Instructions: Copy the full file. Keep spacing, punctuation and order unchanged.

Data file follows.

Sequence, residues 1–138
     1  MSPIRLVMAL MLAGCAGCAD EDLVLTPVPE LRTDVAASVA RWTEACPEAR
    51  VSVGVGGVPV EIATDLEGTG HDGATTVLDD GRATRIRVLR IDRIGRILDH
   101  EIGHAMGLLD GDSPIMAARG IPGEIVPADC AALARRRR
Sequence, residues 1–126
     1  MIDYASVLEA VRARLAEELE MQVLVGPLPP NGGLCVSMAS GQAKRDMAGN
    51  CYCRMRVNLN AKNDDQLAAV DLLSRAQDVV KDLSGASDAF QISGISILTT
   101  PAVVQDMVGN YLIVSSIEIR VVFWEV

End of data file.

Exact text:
Sequence, residues 1–138
     1  MSPIRLVMAL MLAGCAGCAD EDLVLTPVPE LRTDVAASVA RWTEACPEAR
    51  VSVGVGGVPV EIATDLEGTG HDGATTVLDD GRATRIRVLR IDRIGRILDH
   101  EIGHAMGLLD GDSPIMAARG IPGEIVPADC AALARRRR
Sequence, residues 1–126
     1  MIDYASVLEA VRARLAEELE MQVLVGPLPP NGGLCVSMAS GQAKRDMAGN
    51  CYCRMRVNLN AKNDDQLAAV DLLSRAQDVV KDLSGASDAF QISGISILTT
   101  PAVVQDMVGN YLIVSSIEIR VVFWEV